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Sixth Circuit Vacates Penalty Against NCLA Client, Sends Case Back to Dept. of Transportation

Washington, DC (January 27, 2023) – The U.S. Court of Appeals for the Sixth Circuit today issued a ruling in Polyweave Packaging v. U.S. Dept. of Transportation to vacate the civil penalty against Polyweave Packaging, Inc. and remand back to the U.S. Department of Transportation, Pipeline and Hazardous Materials Safety Administration (PHMSA). The New Civil Liberties Alliance, which represents Polyweave, petitioned for review a decision of PHMSA’s Chief Safety Officer—a career civil servant who is not politically accountable and thus lacks appropriate authority—after he issued a Final Decision affirming alleged violations against Polyweave and assessing a civil penalty of $14,460. The agency has since conceded that the Chief Safety Office was not properly appointed at the time of the decision in October 2021.

Polyweave petitioned the Sixth Circuit for review after identifying numerous statutory and constitutional defects in PHMSA’s administrative proceedings. Rather than respond to the opening brief, PHMSA moved to remand the case back to itself. PHMSA admitted that, even though the Supreme Court’s 2017 Lucia v. SEC decision required the Secretary of Transportation to appoint each agency adjudication officer, it never followed that requirement. NCLA argues that PHMSA should have known about this defective appointment under Lucia, because the Solicitor General immediately issued guidance in 2017 to federal agencies—including PHMSA—to correct Lucia appointment errors. Instead of following that guidance, PHMSA allowed its improperly appointed Chief Safety Officer to preside over not just Polyweave’s case but dozens of others. The Sixth Circuit Panel reasoned that PHMSA may “request a remand because it believes that its original decision was incorrect on the merits and it wishes to change the result.”

While PHMSA admitted to the defective appointment under Lucia, it has yet to concede that its in-house proceedings suffer from many of the other statutory and constitutional defects NCLA raised in its opening brief. For instance, PHMSA denied Polyweave its constitutionally mandated jury rights and applied a strict-liability standard against Polyweave even though the statute clearly says PHMSA may impose a civil penalty only against a “person that knowingly violates … a regulation.” Additionally, because the civil penalty against Polyweave was assessed more than six years after the alleged violations took place in 2015, it is unenforceable under the five-year statute of limitations applicable to the federal government. If PHMSA does not fix these and other errors, this case may return before the U.S. Court of Appeals for the Sixth Circuit.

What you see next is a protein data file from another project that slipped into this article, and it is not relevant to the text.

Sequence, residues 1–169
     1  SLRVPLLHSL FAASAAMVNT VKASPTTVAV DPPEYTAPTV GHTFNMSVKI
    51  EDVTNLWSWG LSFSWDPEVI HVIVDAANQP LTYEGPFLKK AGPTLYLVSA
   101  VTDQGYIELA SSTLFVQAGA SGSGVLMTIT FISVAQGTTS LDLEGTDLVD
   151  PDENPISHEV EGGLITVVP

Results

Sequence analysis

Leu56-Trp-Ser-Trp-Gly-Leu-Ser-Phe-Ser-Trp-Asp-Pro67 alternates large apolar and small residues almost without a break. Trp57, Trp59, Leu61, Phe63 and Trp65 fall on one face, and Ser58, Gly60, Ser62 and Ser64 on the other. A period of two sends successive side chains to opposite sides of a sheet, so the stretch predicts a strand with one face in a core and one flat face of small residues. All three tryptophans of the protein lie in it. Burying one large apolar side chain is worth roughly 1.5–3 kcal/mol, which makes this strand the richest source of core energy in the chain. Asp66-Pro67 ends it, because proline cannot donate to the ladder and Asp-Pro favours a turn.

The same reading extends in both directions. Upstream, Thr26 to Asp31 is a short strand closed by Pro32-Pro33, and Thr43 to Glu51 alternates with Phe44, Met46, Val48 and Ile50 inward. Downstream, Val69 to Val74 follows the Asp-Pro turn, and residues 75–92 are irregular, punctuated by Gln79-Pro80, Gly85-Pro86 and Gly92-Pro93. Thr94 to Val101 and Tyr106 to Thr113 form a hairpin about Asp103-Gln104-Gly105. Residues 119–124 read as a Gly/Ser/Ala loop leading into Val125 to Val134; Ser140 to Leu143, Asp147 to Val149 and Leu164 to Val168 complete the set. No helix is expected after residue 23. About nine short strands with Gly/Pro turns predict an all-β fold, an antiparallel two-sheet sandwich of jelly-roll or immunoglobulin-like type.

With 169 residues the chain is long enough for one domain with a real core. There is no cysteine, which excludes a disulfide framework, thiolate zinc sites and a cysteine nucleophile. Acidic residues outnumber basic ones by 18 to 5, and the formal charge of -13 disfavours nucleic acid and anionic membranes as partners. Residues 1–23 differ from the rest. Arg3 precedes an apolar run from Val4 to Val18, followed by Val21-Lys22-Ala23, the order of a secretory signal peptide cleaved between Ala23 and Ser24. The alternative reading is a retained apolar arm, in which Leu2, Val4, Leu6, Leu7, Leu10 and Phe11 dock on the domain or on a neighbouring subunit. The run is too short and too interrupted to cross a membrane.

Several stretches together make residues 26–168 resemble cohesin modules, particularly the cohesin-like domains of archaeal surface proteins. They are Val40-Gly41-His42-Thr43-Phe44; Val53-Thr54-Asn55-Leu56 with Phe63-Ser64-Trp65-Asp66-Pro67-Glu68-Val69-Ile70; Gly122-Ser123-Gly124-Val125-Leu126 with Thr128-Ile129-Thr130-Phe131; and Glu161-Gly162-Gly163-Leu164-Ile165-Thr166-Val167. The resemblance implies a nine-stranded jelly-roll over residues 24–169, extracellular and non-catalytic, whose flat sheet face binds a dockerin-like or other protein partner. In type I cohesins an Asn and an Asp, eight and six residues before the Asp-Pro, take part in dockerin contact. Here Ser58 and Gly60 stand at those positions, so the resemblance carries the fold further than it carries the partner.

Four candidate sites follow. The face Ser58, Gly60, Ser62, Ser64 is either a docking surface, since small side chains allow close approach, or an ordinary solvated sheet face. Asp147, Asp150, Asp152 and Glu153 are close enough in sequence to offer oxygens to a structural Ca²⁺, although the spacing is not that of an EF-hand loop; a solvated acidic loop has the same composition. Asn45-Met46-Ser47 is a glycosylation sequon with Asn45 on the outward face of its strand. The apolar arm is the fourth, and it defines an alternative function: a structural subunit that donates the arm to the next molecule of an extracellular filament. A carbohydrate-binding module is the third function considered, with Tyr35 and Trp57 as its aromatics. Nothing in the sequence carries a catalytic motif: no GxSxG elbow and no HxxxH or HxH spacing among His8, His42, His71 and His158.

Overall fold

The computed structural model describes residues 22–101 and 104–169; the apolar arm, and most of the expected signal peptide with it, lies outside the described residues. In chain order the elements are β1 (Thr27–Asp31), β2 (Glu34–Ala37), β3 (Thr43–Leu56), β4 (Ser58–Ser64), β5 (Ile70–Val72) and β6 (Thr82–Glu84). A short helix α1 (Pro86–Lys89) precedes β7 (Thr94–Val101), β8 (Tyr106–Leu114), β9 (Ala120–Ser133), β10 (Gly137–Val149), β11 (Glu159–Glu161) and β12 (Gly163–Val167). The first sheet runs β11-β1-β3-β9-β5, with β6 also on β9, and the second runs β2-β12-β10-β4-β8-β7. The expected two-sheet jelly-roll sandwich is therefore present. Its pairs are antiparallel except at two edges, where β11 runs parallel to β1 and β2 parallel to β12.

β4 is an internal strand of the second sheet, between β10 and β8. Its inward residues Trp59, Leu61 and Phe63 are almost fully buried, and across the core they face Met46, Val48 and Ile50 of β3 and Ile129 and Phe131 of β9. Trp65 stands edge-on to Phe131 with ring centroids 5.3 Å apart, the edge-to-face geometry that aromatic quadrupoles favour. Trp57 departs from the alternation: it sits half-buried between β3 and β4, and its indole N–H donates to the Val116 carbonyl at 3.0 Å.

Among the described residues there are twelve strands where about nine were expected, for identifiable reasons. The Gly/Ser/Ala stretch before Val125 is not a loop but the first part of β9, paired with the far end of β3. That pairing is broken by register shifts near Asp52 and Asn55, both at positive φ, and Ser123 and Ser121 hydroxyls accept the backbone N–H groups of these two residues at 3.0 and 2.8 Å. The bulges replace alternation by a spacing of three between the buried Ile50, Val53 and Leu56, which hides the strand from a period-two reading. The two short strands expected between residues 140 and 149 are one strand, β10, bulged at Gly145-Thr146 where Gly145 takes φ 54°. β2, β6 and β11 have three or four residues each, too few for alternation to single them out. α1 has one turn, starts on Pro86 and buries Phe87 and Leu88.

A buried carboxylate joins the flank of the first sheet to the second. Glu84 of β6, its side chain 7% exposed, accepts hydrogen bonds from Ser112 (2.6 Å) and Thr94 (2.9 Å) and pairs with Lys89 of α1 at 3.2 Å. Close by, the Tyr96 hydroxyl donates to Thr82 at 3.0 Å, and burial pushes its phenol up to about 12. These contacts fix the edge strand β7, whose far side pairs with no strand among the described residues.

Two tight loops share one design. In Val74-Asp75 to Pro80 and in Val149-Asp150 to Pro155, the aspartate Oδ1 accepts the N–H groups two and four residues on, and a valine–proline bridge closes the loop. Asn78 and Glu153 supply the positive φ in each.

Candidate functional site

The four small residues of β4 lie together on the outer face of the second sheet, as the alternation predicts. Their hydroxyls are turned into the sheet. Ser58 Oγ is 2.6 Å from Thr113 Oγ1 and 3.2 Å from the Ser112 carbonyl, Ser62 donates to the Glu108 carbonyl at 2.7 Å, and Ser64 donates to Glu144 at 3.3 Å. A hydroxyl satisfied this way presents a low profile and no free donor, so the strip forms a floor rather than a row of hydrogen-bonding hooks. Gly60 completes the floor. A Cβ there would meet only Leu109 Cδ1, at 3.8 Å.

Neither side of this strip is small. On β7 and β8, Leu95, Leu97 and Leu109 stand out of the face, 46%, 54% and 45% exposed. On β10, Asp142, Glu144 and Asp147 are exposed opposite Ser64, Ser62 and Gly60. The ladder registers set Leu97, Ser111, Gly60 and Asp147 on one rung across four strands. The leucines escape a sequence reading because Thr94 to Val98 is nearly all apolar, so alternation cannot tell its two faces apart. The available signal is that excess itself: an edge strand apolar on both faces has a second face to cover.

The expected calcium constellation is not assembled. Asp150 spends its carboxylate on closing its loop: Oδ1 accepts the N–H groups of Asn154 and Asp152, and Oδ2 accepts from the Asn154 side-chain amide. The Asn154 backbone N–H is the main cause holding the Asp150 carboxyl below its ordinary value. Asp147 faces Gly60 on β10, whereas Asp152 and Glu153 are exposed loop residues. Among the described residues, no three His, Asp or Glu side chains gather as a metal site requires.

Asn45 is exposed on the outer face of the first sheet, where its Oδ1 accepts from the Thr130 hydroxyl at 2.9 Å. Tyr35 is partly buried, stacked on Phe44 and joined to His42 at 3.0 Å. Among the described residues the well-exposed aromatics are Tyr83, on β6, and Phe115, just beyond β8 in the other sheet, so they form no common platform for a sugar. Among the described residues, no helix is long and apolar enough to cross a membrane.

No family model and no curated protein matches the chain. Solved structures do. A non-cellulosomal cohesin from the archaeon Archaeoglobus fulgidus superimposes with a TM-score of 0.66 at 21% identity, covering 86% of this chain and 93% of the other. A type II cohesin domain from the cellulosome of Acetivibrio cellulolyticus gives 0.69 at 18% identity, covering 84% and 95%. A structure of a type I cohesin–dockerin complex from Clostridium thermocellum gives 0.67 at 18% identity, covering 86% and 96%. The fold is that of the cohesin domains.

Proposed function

NCLA released the following statement:

“Polyweave is not the only company that was improperly assessed a civil penalty by PHMSA’s unconstitutionally appointed Chief Safety Officer. PHMSA allowed the same officer to impose fines against dozens of other small businesses, even though the agency knew or should have known since the Supreme Court’s 2017 Lucia decision that he lacked authority to do so. Unfortunately, most of those small businesses did not fight the agency through pro bono counsel and so paid fines that the agency now admits should be vacated.”
Sheng Li, Litigation Counsel, NCLA

For more information visit the case page here.


NCLA is a nonpartisan, nonprofit civil rights group founded by prominent legal scholar Philip Hamburger to protect constitutional freedoms from violations by the Administrative State. NCLA’s public-interest litigation and other pro bono advocacy strive to tame the unlawful power of state and federal agencies and to foster a new civil liberties movement that will help restore Americans’ fundamental rights.

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